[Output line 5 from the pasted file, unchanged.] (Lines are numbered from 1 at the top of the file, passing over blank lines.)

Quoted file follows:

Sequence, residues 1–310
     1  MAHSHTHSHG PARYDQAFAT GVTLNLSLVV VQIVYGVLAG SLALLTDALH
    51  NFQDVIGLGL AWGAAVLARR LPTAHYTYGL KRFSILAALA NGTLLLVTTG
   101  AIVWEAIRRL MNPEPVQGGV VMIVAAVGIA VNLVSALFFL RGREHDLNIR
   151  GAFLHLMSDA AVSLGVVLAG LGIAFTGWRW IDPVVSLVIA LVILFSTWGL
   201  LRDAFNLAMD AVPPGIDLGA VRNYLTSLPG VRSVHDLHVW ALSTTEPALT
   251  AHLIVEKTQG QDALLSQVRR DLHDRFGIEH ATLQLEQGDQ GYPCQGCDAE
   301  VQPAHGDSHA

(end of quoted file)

   151  GAFLHLMSDA AVSLGVVLAG LGIAFTGWRW IDPVVSLVIA LVILFSTWGL